Reverse-battery protection allows the input to go to negative without drawing significant current from GND or OUT. This is very useful for applications running on 9V batteries, since the battery connector makes it easy to temporarily touch the terminals in the opposite polarity.

The MAX8880 has a unique protection scheme that limits the reverse supply current to less than 1mA when VIN is forced below ground. The circuit monitors the polarity of IN, disconnecting the internal circuitry and parasitic diodes (SWITCHES 1, 2 etc. in Figure 9) when the battery is reversed. This feature protects the device from electrical stress and damage when the battery is connected backwards.

MAX8880 Reverse-Battery Protection

Figure 9. MAX8880 reverse-battery protection.

This circuit implements reverse-battery protection (input below ground) but not the reverse-current protection (input 10mV below the output) discussed earlier.

Wafer-Scale Packaging

In consumer and wireless communications applications, size is a major concern. Miniature 4G base stations are small enough to fit in a backpack and are still very powerful. Here, the LDO that powers the RF section must be small and powerful, delivering hundreds of milliamps. The C and D versions of the MAX38902 LDO family adopt wafer-level packaging (WLP) technology for increased miniaturization. Figure 10 illustrates how the 500mA LDO regulator, in a WLP-6 package, occupies roughly one-fourth the space of the TDFN-8 footprint. The WLP-6 solution is well-suited for applications that require minimal PCB space.

MAX38902C/D WLP-6 Package Advantage

Figure 10. MAX38902C/D WLP-6 package advantage.

High-Voltage Withstand LDOs for Industrial and Automotive Applications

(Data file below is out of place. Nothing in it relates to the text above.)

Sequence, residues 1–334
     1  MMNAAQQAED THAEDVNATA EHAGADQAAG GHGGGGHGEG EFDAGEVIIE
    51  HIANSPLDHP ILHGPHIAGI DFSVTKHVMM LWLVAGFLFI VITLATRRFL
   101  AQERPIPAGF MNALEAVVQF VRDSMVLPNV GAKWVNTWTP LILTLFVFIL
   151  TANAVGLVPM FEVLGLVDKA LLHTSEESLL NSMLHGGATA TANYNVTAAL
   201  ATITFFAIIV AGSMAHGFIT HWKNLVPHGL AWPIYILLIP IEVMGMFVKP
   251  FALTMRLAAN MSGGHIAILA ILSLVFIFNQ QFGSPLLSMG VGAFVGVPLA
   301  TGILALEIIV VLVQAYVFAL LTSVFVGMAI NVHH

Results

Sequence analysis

LDOs in Automotive

LDOs are good candidates for the automotive environment. With their DC operation, the LDOs do not generate electromagnetic interference (EMI), preventing pollution of the car radio AM frequency, a problem often presented by switching regulators. In automotive applications, the LDO powers the MCU, CAN, or I/Os while interfacing directly to the battery. The LDO must withstand the battery voltage, which can be as high as 14.7V on a fully charged battery. Vehicles employing start/stop technology experience large voltage dips when the engine starts. The lower limit for the power source is well below the typical 12V and can be 6V or lower. If for any reason the alternator is disconnected from the battery while charging it, the bus voltage experiences a current “dump,” resulting in a severe overvoltage (typically 60V).

LDOs in the Factory

Intelligent factories increasingly rely on small and ubiquitous sensors to operate. The sensor is typically powered by an isolated 24V DC power source. However, the factory floor can be a very challenging environment, with long cables and strong EMI resulting in high-voltage transients. Accordingly, the step-down converter inside the sensor must withstand voltage transients of 42V or 60V, which are much higher than the sensor’s operating voltage. According to SELV/FELV regulations, an isolated device that handles up to 60V is considered safe to touch. Protection above 60V can be provided with the addition of dedicated TVS devices.

Industrial and automotive applications are characterized by a wide operating temperature range. Here a lead-frame package, more tolerant of temperature-induced PCB surface mechanical stress, is often preferred. The MAX6765 LDO, operating with an input voltage from 4V to 72V, delivers up to 100mA, and is AEQ-C100 qualified. It is ideal for industrial and automotive applications. Its thermally enhanced TDFN-6 package is shown in Figure 11.

MAX6765 TDFN-6 Thermally Enhanced Package (3mm x 3mm x 0.75mm)

Figure 11. MAX6765 TDFN-6 thermally enhanced package (3mm x 3mm x 0.75mm).

In an automotive application with 12V input, 5V output, and a +125°C ambient temperature, (based on the SOA in Figure 12), the thermally enhanced TDFN-6 package can dissipate 600mW while limiting the load current to 86mA (600mW/7V).

MAX6765 Maximum Power Dissipation vs. Temperature

Figure 12. MAX6765 maximum power dissipation vs. temperature.

In a similar application, with an input of 24V instead of 12V, the load current would be limited to 31mA (600mW/19V).

High-Power LDOs for Digital Core Supply

The MAX8556 is a high-power LDO that delivers peaks of power up to 13.6W (4A, 3.4V) to point-of-load (POL), memory, and CPU loads in server and storage motherboard applications. The LDO’s accuracy, dropout voltage, and total headroom, which are required to operate correctly also greatly influence the application’s power efficiency.